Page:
It looked like a reverse make-me-do-it – President Obama in his State of the Union address saying don’t-do-that-again to some of his most committed supporters. An array of groups had written to him just two weeks earlier about the failings of an “all of the above” energy policy, and the first words in his speech regarding energy and the environment were, “The "all of the above" energy strategy I announced a few years ago is working…”
This high-visibility affirmation came after Presidential counselor John Podesta had already sent a response to the groups that never mentioned “all of the above.” It touched on the subject only in a single phrase, saying the President “understands the need to consider a balanced approach to all forms of energy development, including oil and gas production.”
What kind of balance was he talking about – volumes, BTU’s, dollars, carbon? Balanced is good in concept, much better than unbalanced, but otherwise undefined. A default generic meaning, seen in much media coverage, is equal treatment of all sides. But presenting as equal things that are most definitely not is not good policy, news or energy. In a market where individual fuels cover vastly different portions of their costs, a strategy to treat them all the same is highly biased. It lets climate-forcing fossil fuels into the mix without regard to their earth-transforming impacts.
Equal treatment is not good policy, and it’s not the President’s policy either, as his climate action plan and remarks introducing it make clear. He is working to reduce fossil fuel use and accelerate the transition to clean energy. So why go with “all of the above?” It gives unbounded latitude – Keystone fits, everything fits – but it’s costly. It keeps people guessing, something the Fed has eschewed for good reason, and it works against rallying the public for his true objectives. It also makes no one happy – oil interests see it as bogus, climate advocates as alarming.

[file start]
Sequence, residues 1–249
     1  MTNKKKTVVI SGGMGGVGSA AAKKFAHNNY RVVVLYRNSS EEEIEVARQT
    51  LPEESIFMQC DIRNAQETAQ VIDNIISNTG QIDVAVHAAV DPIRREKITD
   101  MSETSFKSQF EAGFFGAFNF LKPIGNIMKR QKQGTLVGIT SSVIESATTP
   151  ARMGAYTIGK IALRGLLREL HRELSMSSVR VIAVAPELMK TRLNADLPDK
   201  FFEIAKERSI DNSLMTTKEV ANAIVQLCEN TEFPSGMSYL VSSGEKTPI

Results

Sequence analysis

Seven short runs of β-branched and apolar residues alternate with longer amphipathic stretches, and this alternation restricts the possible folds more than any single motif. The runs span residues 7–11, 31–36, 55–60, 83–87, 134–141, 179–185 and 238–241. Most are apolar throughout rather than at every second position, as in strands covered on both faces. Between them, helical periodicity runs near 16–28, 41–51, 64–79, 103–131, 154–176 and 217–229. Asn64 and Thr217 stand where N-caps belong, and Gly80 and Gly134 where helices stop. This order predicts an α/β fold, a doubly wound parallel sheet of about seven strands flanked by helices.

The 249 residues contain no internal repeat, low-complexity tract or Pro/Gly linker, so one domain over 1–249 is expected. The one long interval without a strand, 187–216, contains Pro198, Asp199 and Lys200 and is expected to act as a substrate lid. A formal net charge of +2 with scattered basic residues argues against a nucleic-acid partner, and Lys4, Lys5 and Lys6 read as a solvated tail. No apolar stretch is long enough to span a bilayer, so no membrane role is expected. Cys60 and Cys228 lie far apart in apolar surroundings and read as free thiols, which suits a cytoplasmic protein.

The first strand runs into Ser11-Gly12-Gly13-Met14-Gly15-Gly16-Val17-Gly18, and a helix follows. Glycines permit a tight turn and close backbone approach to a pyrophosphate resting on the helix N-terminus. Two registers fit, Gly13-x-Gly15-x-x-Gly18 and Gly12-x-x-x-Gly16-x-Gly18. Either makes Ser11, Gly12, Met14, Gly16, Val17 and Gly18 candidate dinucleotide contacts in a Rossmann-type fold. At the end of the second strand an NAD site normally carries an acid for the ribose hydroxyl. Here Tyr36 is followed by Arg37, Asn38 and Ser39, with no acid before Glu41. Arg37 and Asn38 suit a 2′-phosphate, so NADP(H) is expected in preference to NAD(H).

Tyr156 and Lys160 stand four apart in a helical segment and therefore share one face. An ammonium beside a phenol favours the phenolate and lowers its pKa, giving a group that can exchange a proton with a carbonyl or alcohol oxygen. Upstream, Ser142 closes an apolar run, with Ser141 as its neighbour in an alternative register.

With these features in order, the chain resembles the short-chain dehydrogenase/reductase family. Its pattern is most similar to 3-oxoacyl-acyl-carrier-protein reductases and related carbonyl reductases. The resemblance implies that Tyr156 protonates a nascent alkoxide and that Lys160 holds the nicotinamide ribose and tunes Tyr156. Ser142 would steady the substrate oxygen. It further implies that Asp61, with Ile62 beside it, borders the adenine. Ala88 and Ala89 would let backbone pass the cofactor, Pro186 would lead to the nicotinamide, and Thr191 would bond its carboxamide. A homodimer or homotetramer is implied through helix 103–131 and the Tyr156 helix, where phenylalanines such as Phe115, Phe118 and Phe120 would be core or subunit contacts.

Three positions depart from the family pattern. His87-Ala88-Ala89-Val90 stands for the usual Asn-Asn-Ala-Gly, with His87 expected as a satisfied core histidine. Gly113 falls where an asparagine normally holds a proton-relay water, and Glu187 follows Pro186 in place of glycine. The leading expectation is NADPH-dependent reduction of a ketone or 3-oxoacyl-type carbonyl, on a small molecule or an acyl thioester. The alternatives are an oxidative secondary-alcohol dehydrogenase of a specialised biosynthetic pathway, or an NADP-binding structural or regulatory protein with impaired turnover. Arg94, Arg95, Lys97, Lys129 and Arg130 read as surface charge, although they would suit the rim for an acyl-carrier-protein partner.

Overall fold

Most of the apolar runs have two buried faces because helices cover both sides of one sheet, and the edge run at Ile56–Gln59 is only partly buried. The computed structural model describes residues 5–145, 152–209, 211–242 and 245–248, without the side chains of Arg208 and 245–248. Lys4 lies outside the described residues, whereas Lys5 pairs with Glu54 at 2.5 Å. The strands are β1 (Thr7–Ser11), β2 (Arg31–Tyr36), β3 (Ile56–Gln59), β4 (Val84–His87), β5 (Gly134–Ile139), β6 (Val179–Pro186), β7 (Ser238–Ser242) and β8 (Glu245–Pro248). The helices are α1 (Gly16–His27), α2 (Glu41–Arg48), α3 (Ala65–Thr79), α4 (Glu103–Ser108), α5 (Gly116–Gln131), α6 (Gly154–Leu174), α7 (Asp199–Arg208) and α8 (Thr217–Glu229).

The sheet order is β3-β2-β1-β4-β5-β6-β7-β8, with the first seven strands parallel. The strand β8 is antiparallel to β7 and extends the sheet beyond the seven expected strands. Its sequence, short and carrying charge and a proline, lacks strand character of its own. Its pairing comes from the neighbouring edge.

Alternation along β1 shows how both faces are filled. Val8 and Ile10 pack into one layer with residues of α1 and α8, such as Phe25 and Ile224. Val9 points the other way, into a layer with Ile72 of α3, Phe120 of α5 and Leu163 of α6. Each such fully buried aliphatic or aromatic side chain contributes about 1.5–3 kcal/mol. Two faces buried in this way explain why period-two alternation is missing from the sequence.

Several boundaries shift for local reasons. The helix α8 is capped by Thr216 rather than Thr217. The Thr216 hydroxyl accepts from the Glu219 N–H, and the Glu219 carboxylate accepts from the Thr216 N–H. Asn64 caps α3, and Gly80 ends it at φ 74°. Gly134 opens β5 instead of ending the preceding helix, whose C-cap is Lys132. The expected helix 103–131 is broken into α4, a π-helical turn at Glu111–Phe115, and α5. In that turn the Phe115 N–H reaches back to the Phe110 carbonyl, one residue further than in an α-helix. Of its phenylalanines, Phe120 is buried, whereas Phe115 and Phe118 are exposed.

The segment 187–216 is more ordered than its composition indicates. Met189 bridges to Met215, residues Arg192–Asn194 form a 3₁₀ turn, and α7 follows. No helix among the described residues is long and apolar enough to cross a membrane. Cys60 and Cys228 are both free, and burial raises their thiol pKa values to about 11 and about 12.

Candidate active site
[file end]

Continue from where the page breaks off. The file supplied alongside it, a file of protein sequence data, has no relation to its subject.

Enter the Powering Forward Plan from the Center for the New Energy Economy at Colorado State University, with an apt recommendation:
Develop methods for accurately counting the full costs of various energy choices, including pollution and health care costs that have been “externalized” in the past. Use these methods to establish priorities for federal support of energy resources and direct it to the “best of the above” rather than “all of the above”.
Correct, unambiguous, memorable – and superior. Oil companies don’t do “all of the above.” They set criteria for what projects to pursue, they rank, and they pick from the top. Policy means choice.
And words count. “All of the above” gives the President latitude, but does not do him justice. He has set a higher standard and he needs to raise that banner and live by it. As he noted in his State of the Union, our children’s children will be looking back on his energy legacy. “All of the above” will speak loudly to succeeding, and particularly not-succeeding, generations. A recapitulation that sounds a lot like capitulation is a mistake.